Nowadays, the technology built into our modern cameras make them very capable of producing truly astounding results. Coupled with post processing software such as Adobe Lightroom, Photoshop or Capture One, our creations are often only limited by our imaginations.
However, it’s all too easy to rely on software and hardware to give our images that final polish … to attain that ‘technical perfection’ that has become some kind of hallmark of photography over the last few years.
So we need to wind the clock back a little and return to what we intended when we bought our first camera. The excitement of exploration, of experimentation, of just pointing the camera and seeing.
And you can do that quite easily, by removing the technical mumbo jumbo. Let’s go back to what it was like when we got our first camera and felt the urge to shoot everything in sight – just for the fun of it – unhindered by f-stops and apertures.
Lets get started
Today, that camera happened to be my Macbook. But how big is that little camera at the top of the screen and what resolution photos will it produce? The answer is, who cares? It’s a camera – you can point it at things and it will take a picture – that’s good enough for me.
So I started up Photo Booth. Now, you can do a lot of goofy things with Photo Booth, like warping your face and applying different distortions and filters. I choose the Plastic Camera effect and took a few pictures in the back garden.
We’re not looking at high end stuff here. File sizes will average about 150-200Kb, sharpness is kinda crap and they will be plenty of noise – especially when using one of the filters. But you may be surprised by what you capture and the fun you have doing it. None of these photos are edited – they are all as shot, straight from the ‘camera’.
Let’s get the nonsense out of the way first – the obligatory selfie – looking to the skies for inspiration. 🙂 and then get on the the real ‘photography’.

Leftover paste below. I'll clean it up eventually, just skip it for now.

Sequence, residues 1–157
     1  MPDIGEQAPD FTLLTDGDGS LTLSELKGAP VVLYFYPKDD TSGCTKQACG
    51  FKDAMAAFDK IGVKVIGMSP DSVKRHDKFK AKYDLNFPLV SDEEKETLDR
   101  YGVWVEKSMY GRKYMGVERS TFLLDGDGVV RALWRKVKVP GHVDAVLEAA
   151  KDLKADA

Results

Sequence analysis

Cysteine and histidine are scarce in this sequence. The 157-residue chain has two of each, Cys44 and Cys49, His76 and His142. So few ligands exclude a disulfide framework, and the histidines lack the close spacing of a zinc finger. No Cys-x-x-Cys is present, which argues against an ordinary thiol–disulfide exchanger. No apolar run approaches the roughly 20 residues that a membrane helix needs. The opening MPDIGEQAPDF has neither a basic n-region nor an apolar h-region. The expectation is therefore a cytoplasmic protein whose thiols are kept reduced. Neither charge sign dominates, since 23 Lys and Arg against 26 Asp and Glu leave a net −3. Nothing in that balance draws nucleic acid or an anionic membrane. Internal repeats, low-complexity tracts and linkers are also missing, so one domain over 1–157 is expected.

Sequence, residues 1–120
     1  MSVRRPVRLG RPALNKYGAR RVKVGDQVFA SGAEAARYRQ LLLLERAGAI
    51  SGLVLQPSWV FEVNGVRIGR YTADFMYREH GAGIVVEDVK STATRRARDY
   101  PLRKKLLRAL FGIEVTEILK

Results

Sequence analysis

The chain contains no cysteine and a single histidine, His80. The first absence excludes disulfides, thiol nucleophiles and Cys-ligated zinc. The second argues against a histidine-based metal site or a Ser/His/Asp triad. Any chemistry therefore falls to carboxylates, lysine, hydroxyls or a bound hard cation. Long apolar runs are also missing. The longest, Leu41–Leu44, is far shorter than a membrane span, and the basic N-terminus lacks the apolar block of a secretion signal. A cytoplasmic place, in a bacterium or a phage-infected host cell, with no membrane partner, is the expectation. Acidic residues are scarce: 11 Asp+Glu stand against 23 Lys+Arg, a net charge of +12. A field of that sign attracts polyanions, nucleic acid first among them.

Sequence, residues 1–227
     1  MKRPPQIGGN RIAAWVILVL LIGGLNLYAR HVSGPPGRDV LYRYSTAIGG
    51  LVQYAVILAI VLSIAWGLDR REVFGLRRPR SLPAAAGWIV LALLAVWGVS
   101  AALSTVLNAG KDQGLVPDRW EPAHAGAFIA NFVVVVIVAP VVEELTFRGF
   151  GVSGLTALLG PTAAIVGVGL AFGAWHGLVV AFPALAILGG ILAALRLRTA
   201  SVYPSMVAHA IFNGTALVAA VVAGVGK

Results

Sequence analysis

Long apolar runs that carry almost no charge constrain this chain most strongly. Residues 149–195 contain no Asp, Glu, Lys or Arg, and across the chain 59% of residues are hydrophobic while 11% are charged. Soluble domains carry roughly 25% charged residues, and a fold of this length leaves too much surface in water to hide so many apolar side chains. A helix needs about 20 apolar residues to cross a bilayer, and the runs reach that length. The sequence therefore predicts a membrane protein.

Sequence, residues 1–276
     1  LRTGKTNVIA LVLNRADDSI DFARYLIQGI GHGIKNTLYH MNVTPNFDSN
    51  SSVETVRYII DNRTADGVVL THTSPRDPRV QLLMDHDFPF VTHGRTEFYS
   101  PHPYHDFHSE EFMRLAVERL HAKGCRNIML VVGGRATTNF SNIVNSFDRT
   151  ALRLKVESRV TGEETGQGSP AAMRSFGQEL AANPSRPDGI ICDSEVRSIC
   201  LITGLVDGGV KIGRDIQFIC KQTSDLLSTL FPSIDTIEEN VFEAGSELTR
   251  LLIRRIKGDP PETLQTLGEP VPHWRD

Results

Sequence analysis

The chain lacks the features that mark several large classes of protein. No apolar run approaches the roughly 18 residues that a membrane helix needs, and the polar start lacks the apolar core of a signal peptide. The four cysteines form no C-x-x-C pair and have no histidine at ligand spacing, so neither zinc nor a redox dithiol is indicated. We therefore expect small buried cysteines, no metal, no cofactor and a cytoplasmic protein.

There is no right or wrong – there simply is. Shooting with a camera like this removes the technical ingredients and leaves just you and the scene – free to interpret whatever way you want. You are forced to think about the aesthetics of the photo – about what you are actually looking at.
When you do return to your regular Dslr camera, this will be a valuable lesson.
Take a series of photos. Make sure they are related to each other and tie them together with the same filter.
Don’t confine yourself to the same orientation. Ordinary everyday objects take on a new meaning when viewed from a different perspective. One of the biggest challenges we face as photographers is the ability to step outside our ‘normal’ view of the world.
Photography isn’t always real and in our personal work, we should not be overly concerned with portraying it as such.
Keep colour schemes and silhouetted shapes within the same family and you can mix and match both soft and hard lines and surfaces. A low down viewpoint gives dominance and importance to your subject.
Garden furniture takes on alien shapes. Shooting from a different angle confuses scale and distance. Hard lines and soft textures meet and create harmony within the scene. Composition, while important is not over powering.
I hope this very short post has given you some food for thought. Our personal photography is about what we see and the way we interpret that. It is not about the numbers and the rules. Yes, these are important but only to a point and we should take care that our photography does not turn into a colour by numbers exercise.
Time and space must be made for seeing, interpreting, creating and for personal expression. You can help to do this by removing the numbers and the rules. All of us sees so much imagery nowadays that the way things are ‘supposed’ to look is hard-coded within us. We are seeing life, the world around us and experiences as photographs – as other peoples photographs – as other peoples interpretation of their scene.
If you pay attention to what you are actually looking at, then you may come to see the scene for yourself and be able to produce your interpretation of it. I teach this on my workshops. You can find out more about upcoming workshops here.
Thanks for reading this far and feel free to comment, ask or share.
Think left and think right and think low and think high.
Oh, the thinks you can think up if only you try! – Dr. Seuss